Completed in August 1945, the first “Kikka” made its maiden flight. Four days later the pilot aborted a take-off during the second flight, the accident being caused by mounting the two rocket-assisted-take-off (RATO) rockets at an incorrect angle. A second prototype (shown here) was almost ready for flight trials and eighteen additional prototypes and pre-production aircraft were ready in various stages of assembly when with the end of WW II the development of the aircraft was terminated (Ref.: 1).
POWER PLANT: One Mitsubishi MK4R-A Kasei 23a radial engine, rated at 1,800 hp
PERFORMANCE: 365 mph at 17,390 ft
COMMENT: The Mitsubishi J2M “Raiden” was a single-engine land-based fighter aircraft used by the Imperial Japanese Navy Air Force in World War II. The Allied reporting name was “Jack”. The J2M was designed to be a strictly local-defense interceptor, intended to counter the threat of high-altitude bomber raids, and thus relied on speed, climb performance, and armament at the expense of maneuverability. The J2M was a sleek, but stubby craft with its over-sized Mitsubishi Kasei engine buried behind a long cowling, cooled by an intake fan and connected to the propeller with an extension shaft.
Teething development problems stemming from the Kasei engine cooling system, and the main undercarriage members led to a slowdown in production. The first few produced J2M2s were delivered to the development units in December 1942 but severe problems were encountered with the engines. Trials and improvements took almost a year and the first batch of the serial built J2M2 was delivered in December 1943. Parallel with the J2M2, production of the J2M3 “Raiden” started. The first J2M3s appeared in October 1943 but deliveries to combat units started at the beginning of February 1944.The “Raiden” made its combat debut in June 1944 during the Battle of Philippine Sea. Several J2Ms operated from Guam and Saipan and a small number of aircraft were deployed to the Philippines.
Primarily designed to defend against the Boeing B-29 “Superfortress”, the lack of a turbocharger handicapped the aircraft at high altitude. However, its four-cannon armament supplied effective firepower and the use of dive and zoom tactics allowed it to score occasionally. Insufficient numbers and the American switch to night bombing in March 1945 limited its effectiveness (Ref.: 24).
POWER PLANT: One Ishikawajima Ne-230 axial-flow turbojet engine, rated at 885 kp thrust
PERFORMANCE: Data not available
COMMENT: The availability of more sophisticated turbojet engines in the closing stage of the Pacific War brought the Japanese aircraft industry to plans to design completely new turbojet fighters, such as Nakajima Kikka, Nakajima Ki-201 Karyu (Fire Dragon), and Rikugun Ki-202, or to provide newest piston engine designs with turbojets. Examples are the conversion of the Kyushu J7W1 Sinden (Magnificent Lightning) into the Kyushu J7W2 with one Ishikawajima Ne-130 turbojet engine, the Yokosuka R2Y1 Keiun (Beautiful Cloud) with two Ishikawajima Ne-330 turbo jet engines, and Mitsubishi J4M-1 Senden (Flashing Lightning). This twin-boom fighter project, powered by a Mitsubishi MK9D radial engine, driving a six-blade pusher propeller was redesigned to a much smaller aircraft, also in twin-boom configuration, but powered by one Ishikawajima Ne-230 axial-flow turbojet engine, that was expected to give 885 kp thrust. But the end of the hostilities brought all work on this Mitsubishi J4M-2 Senden-Kai project to a halt.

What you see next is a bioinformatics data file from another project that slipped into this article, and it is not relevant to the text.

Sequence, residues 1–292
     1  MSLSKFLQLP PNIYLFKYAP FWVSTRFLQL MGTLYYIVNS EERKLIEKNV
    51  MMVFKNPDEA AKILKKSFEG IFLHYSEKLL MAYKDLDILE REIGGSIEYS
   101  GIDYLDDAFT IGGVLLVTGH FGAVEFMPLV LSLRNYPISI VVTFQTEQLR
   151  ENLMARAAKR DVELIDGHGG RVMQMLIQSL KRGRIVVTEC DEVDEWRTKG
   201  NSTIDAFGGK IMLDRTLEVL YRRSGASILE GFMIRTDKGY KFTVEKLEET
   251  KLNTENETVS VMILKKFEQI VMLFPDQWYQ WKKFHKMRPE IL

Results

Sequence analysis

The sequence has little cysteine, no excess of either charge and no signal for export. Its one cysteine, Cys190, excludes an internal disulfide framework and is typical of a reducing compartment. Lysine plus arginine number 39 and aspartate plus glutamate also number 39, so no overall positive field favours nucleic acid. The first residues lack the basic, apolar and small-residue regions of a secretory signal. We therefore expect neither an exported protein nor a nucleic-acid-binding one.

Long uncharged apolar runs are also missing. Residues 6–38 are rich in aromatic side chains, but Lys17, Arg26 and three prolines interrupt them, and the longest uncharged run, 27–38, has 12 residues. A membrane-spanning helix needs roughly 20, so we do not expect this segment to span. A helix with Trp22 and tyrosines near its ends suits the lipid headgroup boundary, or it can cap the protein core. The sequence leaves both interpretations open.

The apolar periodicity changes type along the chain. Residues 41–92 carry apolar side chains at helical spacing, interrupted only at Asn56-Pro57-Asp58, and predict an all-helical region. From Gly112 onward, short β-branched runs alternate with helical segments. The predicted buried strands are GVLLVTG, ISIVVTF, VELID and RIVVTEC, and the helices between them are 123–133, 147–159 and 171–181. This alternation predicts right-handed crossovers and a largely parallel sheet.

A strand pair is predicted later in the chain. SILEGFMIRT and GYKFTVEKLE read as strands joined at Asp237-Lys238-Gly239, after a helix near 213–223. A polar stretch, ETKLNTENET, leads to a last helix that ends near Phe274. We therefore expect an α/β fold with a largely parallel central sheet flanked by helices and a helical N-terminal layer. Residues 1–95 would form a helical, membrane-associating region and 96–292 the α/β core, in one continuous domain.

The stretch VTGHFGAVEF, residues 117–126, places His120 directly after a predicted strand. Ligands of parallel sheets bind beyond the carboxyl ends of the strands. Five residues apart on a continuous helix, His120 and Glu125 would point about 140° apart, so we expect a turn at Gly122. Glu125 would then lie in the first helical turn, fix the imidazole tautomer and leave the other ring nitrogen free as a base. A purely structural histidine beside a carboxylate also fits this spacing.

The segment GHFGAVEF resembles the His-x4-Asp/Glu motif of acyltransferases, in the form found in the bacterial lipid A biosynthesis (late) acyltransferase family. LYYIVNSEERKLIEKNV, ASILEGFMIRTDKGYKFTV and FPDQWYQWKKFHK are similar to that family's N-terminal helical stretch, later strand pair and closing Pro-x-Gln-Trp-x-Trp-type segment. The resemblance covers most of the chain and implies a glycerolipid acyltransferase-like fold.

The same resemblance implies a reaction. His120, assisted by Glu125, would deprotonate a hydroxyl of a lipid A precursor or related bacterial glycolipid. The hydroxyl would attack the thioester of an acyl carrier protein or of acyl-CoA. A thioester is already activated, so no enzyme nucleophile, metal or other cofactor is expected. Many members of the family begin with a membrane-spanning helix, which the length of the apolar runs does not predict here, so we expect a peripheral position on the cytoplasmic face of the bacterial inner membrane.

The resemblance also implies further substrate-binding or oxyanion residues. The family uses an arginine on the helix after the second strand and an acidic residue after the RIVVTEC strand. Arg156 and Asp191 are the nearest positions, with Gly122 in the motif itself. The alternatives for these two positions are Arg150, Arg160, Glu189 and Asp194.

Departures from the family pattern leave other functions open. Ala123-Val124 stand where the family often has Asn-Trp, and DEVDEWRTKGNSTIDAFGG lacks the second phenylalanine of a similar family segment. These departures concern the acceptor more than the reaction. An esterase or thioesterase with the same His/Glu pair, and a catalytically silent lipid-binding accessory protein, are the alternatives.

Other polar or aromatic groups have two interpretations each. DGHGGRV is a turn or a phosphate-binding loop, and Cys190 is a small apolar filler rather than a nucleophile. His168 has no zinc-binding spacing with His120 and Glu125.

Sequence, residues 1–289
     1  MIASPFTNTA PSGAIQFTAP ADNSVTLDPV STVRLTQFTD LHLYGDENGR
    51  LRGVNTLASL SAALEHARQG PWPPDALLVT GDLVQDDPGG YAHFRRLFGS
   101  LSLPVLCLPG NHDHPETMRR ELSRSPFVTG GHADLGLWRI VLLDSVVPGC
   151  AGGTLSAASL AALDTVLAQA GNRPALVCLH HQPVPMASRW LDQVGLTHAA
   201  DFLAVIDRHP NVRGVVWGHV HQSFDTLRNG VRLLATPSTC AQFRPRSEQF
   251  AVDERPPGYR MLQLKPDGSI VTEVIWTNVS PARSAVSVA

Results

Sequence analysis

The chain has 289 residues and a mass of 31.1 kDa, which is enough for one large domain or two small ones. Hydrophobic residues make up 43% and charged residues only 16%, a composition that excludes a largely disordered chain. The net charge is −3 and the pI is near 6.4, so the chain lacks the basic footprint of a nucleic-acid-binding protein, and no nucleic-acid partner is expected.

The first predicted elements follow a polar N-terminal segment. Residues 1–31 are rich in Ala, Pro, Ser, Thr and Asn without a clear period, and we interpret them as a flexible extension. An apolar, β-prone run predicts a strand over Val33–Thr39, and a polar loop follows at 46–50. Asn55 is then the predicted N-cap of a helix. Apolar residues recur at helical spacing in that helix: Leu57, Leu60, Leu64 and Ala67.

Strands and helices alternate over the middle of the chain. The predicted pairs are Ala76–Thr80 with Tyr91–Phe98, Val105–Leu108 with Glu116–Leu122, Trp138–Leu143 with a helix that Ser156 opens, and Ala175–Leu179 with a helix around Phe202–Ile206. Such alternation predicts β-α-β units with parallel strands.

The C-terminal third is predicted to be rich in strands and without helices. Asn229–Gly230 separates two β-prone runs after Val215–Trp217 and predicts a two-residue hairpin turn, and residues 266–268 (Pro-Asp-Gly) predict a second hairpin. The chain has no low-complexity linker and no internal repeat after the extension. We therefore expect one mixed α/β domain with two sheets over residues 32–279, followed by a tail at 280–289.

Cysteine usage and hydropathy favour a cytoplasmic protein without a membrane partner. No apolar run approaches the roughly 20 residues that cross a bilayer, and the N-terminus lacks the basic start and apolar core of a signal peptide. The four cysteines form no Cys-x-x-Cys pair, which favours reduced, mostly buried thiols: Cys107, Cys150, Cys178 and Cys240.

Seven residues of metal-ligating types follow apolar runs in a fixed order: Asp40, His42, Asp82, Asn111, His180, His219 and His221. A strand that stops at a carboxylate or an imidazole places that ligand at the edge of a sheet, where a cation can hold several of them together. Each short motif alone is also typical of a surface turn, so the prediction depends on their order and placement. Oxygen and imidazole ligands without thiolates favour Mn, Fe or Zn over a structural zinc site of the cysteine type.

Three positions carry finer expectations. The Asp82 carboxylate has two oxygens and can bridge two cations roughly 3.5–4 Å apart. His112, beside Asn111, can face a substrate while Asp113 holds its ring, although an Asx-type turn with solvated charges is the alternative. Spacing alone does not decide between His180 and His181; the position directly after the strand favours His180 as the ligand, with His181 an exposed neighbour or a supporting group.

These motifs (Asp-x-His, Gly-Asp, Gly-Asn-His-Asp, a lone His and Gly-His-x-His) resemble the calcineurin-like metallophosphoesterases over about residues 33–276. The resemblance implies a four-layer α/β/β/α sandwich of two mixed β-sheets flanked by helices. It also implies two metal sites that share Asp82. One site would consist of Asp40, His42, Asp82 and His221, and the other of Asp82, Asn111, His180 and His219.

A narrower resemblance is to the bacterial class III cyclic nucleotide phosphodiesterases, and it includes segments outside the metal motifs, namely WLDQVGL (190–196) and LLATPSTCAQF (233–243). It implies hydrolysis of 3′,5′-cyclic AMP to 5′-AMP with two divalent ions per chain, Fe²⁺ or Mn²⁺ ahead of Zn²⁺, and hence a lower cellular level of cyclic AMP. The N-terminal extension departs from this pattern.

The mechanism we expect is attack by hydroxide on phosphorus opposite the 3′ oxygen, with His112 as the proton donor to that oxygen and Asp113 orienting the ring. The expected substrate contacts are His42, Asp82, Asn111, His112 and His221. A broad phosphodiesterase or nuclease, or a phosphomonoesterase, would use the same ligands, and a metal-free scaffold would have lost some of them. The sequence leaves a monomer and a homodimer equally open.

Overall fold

TYPE: High performance interceptor fighter. Project
ACCOMMODATION: Pilot only
POWER PLANT: One Mitsubishi Ha-43 radial engine, rated at 1,650 hp at 26,247 ft, driving 6-bladed metal constant speed pusher propeller
PERFORMANCE: 470 mph at 26,247 ft
COMMENT: To provide the Imperial Japanese Navy with a land-based high-performance interceptor aircraft, Mitsubishi designed the J4M Senden (“Flashing Lighting”) or Navy Experimental 17-Shi Otsu B Type Interceptor Fighter Senden. It was to have been a single-seat, twin-boom, low-wing monoplane with a central nacelle housing an unstepped cockpit and a 2,130-hp Mitsubishi MK9D (Ha-43) radial engine behind the pilot driving a six-bladed pusher propeller rotating between the booms. The booms were to extend aft from the leading edge of the wing and were mounted below the central nacelle. The aircraft was to have had tricycle landing gear and an armament of one 30-mm and two 20-mm cannon. Design of the initial J4M1 version ended when the Navy put its support behind the competing Kyushu J7W fighter. So the J4M project did not proceed beyond the design stage. The Allies nonetheless assigned the J4M the reporting name “Luke” during World War II.(Ref.: 23)